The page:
3. Results and Discussion

3.1. Degree to which CV-Based Scores Reflected TQCE

Based on the analyses using Spearman’s rank correlation coefficient, SPB showed a significant positive correlation with TQCE (, ). AG also showed a significant, though weak, positive correlation with TQCE (, ). TQCE tended to be higher when both of these CV-based scores were high (Figure 2).

3.2. Multiple Regression Model Reflecting TQCE

To compare the evaluations using only the conventional quantitative index (DT) with the evaluations using all three indices (DT and the CV-based scores), we set TQCE as the objective variable and calculated the model using DT as the explanatory variable in a single regression analysis, in comparison with the model using SPB, AG, and DT as the explanatory variables in a multiple regression analysis. DT alone had a significant positive correlation with TQCE (, ). However, the value calculated by multiple regression analysis, which included the CV-based scores, showed a stronger significant positive correlation with TQCE (, ).

For test times shorter than 60 s, the difference between the CV- and DT-based scores was even more pronounced (Figure 3(a)). When the test time was reduced to 20 s, the CV-based score showed a higher positive correlation (, ; see Figures 3(b) and 3(c)) than DT alone (, ; see Figures 3(d) and 3(e)). In all 68 trials (), the number of trials for which DT was equal or more than 60 s was 18 (26%), and the number for which DT was equal or more than 20 s was 37 (54%). The results of each regression analysis are shown in Table 1.


Model using SPB, AG, and DTModel using only DT
Test time: 20 sTest time: 60 sTest time: 20 sTest time: 60 s
Variablesβ(SE)β(SE)β(SE)β(SE)

 SPB0.35(0.083)0.25(0.059)
 AG0.25(0.070)0.22(0.050)
 DT0.50(0.068)0.69(0.060)0.76(0.081)0.88(0.059)
Adjusted R20.690.840.570.77

; therapists’ qualitative clinical evaluation (TQCE) was set as the objective variable. SPB: static postural stability; AG: antigravity posture; DT: duration time; SE: standard error.
3.3. Effectiveness of CV-Based Indices

The results of this research revealed the following two points. First, both SPB and AG had a significant positive correlation with TQCE, and TQCE tended to be higher when both of these CV-based scores were high, indicating that these indices quantified TQCE well. Second, the multiple regression analysis and subsequent correlation analysis showed that the CV-based model reflected the TQCE to a greater degree than the conventional DT-based model, indicating that evaluations using CV-based scores provide more detailed quantitative information. These results showed the possibility of overcoming the severe problems with current quantitative evaluation indices, which are useful for screening but are not sufficient for verifying clinical effects or depicting details of motor performances including postural control. Although a certain proportion of children with developmental disorders have difficulties with postural control [39], they often demonstrate the maximum performance in terms of current quantitative scores, resulting in a ceiling effect [17], and their difficulties with postural control can only be identified by therapists’ clinical observations. By using CV-based scores, therapists can quantitatively evaluate their postural control even when they achieve maximum DT. Although the correlation coefficient between AG and TQCE was significant but low, this result may have occurred because therapists evaluated AG posture only after confirming the achievement of initial evaluation items, such as durability or static postural balance.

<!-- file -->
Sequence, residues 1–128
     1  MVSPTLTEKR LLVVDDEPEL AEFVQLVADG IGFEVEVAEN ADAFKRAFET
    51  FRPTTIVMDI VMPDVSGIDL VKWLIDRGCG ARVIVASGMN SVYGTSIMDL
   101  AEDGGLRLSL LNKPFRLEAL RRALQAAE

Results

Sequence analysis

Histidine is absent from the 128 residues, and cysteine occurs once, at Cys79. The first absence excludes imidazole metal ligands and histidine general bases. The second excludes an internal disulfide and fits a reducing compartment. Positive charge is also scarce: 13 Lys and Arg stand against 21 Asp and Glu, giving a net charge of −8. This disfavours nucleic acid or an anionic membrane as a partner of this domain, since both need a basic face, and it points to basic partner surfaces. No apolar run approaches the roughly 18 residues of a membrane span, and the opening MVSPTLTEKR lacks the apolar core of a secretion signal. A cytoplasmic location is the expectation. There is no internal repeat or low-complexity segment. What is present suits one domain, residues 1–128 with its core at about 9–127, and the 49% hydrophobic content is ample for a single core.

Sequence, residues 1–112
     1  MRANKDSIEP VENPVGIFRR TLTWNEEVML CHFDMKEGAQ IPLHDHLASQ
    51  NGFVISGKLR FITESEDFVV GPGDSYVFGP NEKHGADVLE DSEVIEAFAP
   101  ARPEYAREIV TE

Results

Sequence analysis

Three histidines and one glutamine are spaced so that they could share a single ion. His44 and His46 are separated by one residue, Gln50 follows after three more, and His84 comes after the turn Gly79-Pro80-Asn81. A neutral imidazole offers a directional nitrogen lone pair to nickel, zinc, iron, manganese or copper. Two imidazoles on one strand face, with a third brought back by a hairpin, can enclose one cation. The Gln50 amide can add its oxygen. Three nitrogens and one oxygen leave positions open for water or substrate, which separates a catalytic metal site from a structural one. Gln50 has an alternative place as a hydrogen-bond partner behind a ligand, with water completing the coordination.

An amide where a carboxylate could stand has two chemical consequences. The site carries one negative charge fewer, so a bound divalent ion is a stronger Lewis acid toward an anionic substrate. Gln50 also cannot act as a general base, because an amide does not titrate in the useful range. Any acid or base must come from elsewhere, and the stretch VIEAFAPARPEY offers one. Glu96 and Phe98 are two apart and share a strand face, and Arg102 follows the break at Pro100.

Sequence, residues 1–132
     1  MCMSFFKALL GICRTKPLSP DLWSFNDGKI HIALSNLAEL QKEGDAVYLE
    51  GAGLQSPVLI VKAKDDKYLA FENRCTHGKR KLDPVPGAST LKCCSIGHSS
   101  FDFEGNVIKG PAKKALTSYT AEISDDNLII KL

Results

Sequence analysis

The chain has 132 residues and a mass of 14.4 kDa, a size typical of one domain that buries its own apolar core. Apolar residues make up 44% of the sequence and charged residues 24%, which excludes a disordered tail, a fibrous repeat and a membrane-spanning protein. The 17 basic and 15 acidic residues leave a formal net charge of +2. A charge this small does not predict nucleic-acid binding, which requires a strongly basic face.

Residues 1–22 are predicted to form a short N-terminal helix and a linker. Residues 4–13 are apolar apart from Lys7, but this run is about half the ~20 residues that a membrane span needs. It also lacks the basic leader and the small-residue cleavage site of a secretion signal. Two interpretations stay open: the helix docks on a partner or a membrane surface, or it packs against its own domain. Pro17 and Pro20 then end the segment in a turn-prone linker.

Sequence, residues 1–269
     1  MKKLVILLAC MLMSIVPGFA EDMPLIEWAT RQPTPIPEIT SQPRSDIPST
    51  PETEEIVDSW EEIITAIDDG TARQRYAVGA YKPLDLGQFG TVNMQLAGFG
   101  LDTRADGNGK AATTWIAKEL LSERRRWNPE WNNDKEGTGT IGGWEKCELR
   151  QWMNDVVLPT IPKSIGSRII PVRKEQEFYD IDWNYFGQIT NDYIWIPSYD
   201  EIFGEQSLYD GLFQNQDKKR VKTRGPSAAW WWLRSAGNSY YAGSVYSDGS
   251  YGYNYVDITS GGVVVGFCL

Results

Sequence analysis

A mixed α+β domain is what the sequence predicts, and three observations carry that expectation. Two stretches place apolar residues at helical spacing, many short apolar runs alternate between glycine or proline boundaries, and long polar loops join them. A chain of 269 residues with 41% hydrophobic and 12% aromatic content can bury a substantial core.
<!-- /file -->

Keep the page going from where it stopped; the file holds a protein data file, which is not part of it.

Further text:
The developed CV-based scores, SPB and AG, will contribute not only to identifying essential factors of postural control that have negative effects on children’s everyday activities, but also to establishing more valid evidence for the efficacy of occupational therapy. Body functions such as postural control are the basis for children’s occupational performance on skills such as self-care, communication, and subject learning [2]. Furthermore, children with developmental disorders, especially developmental coordination disorder, often suffer from psychological problems, including lower self-esteem [35, 36], anxiety, and depression [37, 38]. The qualitative improvement of postural control might thus contribute to improving their activities and participation, and such improvements might be grasped by CV-based scores because these detailed quantitative indices reflect the qualitative aspects of postural control. These scores will also meet the need for developing functional outcome measures, which are sensitive to occupational therapy interventions [10]. Studies on the postural control of people with developmental disorders have focused on a specific posture only, such as standing on one leg (e.g., [39]) or on both legs (e.g., [40, 41]), the results of which cannot be widely applied to various postures. In contrast, the CV-based approach will broaden opportunities to advance detailed and quantitative evaluations of the qualitative aspects of a broad range of postures important for early postural development and activities in daily living.

3.4. Applicability to the Development of Lower Cost and more Detailed Assessments